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Madison Cawthorn is running out of chances with the GOP

The cost-benefit analysis just doesn't work out for the GOP when it comes to the North Carolina congressman.

Rep. Madison Cawthorn, R-N.C., became the youngest member of the House of Representatives when he was sworn in in 2021. He’d won his seat after toppling a primary opponent endorsed by then-President Donald Trump. Cawthorn was given a speaking slot at the 2020 Republican National Convention and positioned to be a rising star in the party, one who could defuse the “generational time bomb” that Republicans potentially face.

A lot can change in 15 months. Cawthorn is now on the outs with most of his colleagues in the House after suggesting that he’d been offered cocaine and invited to orgies since arriving in Washington. House Minority Leader Kevin McCarthy, R-Calif., spoke with Cawthorn on Wednesday, later saying he’d told the 26-year-old that he had “lost my trust.”

McCarthy has been loath to rein in even his most incendiary members, like Reps. Marjorie Taylor Greene of Georgia or Paul Gosar of Arizona — so why did this tale, which Cawthorn recanted, actually draw a rebuke? Unlike Greene and Gosar, Cawthorn hasn’t shown himself to be worth the aggravation that he’s caused the GOP’s leadership in his first — and possibly only — term.

There’s a common adage that politicians can be divided into two camps: workhorses and show horses. Workhorses focus on the grind, keeping their heads down and working in the committee rooms and caucus meetings to shape legislation. Show horses are more focused on the external, giving speeches and appearing on TV to push the party’s message — or, more often, improve their own brand.

Cawthorn definitely doesn’t qualify as a workhorse, despite offering himself up as one when campaigning. In multiple interviews as a candidate, he listed health care as one of the issues most important to him, citing the medical debt he accrued as a result of the car crash that necessitated his use of a wheelchair.

As a show horse, well, there’s a reason why his own party is considering putting him out to pasture.

Since joining Congress, Cawthorn has been the primary sponsor on 34 bills. Most of them are the legislative equivalent of trolling that lack any co-sponsors. (For example, H.R.2390, the "Donument Act," which would make the completed portions of Trump’s border wall into a national monument.) Only three of the bills he’s submitted are related to health care — one, introduced last month, deals with telehealth services; the other two would limit vaccine mandates.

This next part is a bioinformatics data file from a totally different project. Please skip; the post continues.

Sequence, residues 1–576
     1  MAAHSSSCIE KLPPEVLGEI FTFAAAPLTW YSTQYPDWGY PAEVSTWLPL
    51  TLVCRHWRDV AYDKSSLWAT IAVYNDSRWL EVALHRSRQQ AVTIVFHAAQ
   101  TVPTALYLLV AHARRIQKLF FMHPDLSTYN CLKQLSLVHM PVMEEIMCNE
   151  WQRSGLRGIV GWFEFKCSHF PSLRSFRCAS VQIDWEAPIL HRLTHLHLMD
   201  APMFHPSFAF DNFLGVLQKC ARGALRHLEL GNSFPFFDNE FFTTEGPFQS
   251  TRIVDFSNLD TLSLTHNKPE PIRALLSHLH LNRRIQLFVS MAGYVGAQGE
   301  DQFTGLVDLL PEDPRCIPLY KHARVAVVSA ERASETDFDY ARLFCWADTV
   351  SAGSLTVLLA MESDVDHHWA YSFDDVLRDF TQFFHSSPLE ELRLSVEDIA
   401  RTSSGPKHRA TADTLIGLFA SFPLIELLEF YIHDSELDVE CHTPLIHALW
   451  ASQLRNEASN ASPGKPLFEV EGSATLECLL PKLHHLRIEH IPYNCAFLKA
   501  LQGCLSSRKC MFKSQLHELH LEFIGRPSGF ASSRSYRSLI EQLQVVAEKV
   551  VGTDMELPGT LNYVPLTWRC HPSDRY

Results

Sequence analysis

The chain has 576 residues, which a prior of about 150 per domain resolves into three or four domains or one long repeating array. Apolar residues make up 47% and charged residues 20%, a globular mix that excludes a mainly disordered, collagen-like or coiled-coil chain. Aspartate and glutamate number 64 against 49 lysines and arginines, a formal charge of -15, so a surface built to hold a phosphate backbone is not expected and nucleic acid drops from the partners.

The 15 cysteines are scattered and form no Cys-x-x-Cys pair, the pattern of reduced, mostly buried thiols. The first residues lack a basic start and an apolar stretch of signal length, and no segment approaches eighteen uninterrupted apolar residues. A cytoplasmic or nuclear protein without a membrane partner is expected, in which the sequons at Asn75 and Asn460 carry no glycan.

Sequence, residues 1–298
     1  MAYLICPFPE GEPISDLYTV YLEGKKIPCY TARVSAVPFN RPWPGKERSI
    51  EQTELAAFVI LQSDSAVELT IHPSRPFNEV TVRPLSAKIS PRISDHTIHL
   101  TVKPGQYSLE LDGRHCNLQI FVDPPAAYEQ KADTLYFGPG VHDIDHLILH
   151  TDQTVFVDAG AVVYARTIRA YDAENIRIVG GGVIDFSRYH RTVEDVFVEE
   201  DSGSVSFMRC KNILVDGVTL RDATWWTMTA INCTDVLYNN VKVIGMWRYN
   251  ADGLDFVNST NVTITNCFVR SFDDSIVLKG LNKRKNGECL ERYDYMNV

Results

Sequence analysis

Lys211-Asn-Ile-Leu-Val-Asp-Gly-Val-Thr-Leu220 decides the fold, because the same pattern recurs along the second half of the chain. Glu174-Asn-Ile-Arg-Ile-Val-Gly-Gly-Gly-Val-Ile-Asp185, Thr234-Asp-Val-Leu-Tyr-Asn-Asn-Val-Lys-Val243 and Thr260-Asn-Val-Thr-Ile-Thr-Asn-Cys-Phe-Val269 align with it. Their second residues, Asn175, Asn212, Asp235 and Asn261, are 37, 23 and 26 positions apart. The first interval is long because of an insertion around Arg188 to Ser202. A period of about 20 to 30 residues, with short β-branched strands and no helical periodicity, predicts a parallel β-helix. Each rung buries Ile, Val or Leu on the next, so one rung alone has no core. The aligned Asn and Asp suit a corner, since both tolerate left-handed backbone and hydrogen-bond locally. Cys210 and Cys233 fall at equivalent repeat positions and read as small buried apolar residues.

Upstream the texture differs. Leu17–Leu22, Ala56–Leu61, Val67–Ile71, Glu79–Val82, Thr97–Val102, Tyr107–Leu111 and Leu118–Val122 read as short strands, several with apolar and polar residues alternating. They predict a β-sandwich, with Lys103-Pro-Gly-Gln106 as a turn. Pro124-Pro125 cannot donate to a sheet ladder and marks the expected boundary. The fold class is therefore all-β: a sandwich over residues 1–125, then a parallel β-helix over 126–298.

And as a show horse, well, there’s a reason his own party is considering putting him out to pasture. Even in an era in which Trump has shown that it’s possible to include a lie in basically every sentence with no consequences, Cawthorn’s habit of exaggeration, fabrication and outright damaging statements has become a headache.

Among the falsehoods he told in just his first congressional race: that his accident prevented him from attending the U.S. Naval Academy (he had already been rejected by then); that a friend who was driving had left him to die (his friend actually pulled him from the wreckage); that he’d worked full time as a staffer for Rep. Mark Meadows, R-N.C., whose seat he won (he’d only worked part time, one of his few jobs before being elected); that he’d been accepted to Princeton and Harvard (he later admit that he hadn’t).

After winning his race, he joined Trump in alleging that mass voter fraud had swung the election to Joe Biden. Cawthorn even spoke at the Jan. 6 rally that preceded Trump supporters’ attack on the U.S. Capitol. He admitted on CNN last year that “the election was not fraudulent” but has still kept up the lie in front of cheering supporters.

And then there’s the moves that have soured Cawthorn’s relationship with both the party and his constituents. He’s attempted to switch congressional districts to have an easier re-election run, snubbing the speaker of the state House in the process and the people who put him in office. Cawthorn has also raised a prodigious amount of money, but spent it almost as fast as it’s come in, not on GOP candidates in tough races but on things like travel despite being in a safe district.

And let’s not forget that just prior to the “coke-and-orgies” scandal, he drew fire from his fellow Republicans for call Ukrainian President Volodymyr Zelenskyy a “thug” who supports “woke ideologies.” He also in that same week was charged with driving with a revoked license. “I think driving without a license is saying, ‘I can do what I want, the law doesn’t pertain to me.’ That’s not the kind of person I want representing me,’’ one former supporter told The New York Times.

Cawthorn has built no goodwill with his colleagues who keep covering for him as he keeps adding to the mess that he’s created.

It's that kind of behavior that has Sen. Thom Tillis, R-N.C., backing one of the seven primary opponents that Cawthorn has already drawn. And unlike Greene, whose endorsement is actively sought this primary season, and Gosar, who has allies among the hard-right Freedom Caucus, Cawthorn is left out on his own. He’s built no goodwill among colleagues who keep covering for him as he keeps adding to the mess that he’s created.

Cawthorn still has an endorsement from Trump to lean on as he tries to maintain his position in next month's primary. But McCarthy has shown that he’s likely willing to cut the freshman loose if a better option comes along. I doubt that there will be many tears shed among the GOP caucus at this point if Cawthorn this fall becomes one of the youngest ex-congressmen in history.